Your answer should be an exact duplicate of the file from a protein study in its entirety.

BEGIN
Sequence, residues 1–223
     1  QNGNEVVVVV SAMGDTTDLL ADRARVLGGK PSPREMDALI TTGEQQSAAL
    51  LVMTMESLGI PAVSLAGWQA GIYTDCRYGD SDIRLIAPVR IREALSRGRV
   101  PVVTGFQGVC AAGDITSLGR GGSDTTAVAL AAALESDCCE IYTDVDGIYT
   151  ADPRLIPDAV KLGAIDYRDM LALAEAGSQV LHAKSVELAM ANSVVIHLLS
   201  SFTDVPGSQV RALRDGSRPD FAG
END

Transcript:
Sequence, residues 1–223
     1  QNGNEVVVVV SAMGDTTDLL ADRARVLGGK PSPREMDALI TTGEQQSAAL
    51  LVMTMESLGI PAVSLAGWQA GIYTDCRYGD SDIRLIAPVR IREALSRGRV
   101  PVVTGFQGVC AAGDITSLGR GGSDTTAVAL AAALESDCCE IYTDVDGIYT
   151  ADPRLIPDAV KLGAIDYRDM LALAEAGSQV LHAKSVELAM ANSVVIHLLS
   201  SFTDVPGSQV RALRDGSRPD FAG